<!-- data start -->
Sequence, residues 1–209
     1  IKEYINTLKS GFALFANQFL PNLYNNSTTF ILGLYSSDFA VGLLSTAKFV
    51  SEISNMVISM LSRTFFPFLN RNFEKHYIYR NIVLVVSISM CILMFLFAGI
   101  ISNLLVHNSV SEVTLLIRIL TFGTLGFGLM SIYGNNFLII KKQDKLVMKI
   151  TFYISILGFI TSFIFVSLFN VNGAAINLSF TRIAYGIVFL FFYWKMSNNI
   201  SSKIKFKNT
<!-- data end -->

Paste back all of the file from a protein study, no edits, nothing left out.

Sequence, residues 1–209
     1  IKEYINTLKS GFALFANQFL PNLYNNSTTF ILGLYSSDFA VGLLSTAKFV
    51  SEISNMVISM LSRTFFPFLN RNFEKHYIYR NIVLVVSISM CILMFLFAGI
   101  ISNLLVHNSV SEVTLLIRIL TFGTLGFGLM SIYGNNFLII KKQDKLVMKI
   151  TFYISILGFI TSFIFVSLFN VNGAAINLSF TRIAYGIVFL FFYWKMSNNI
   201  SSKIKFKNT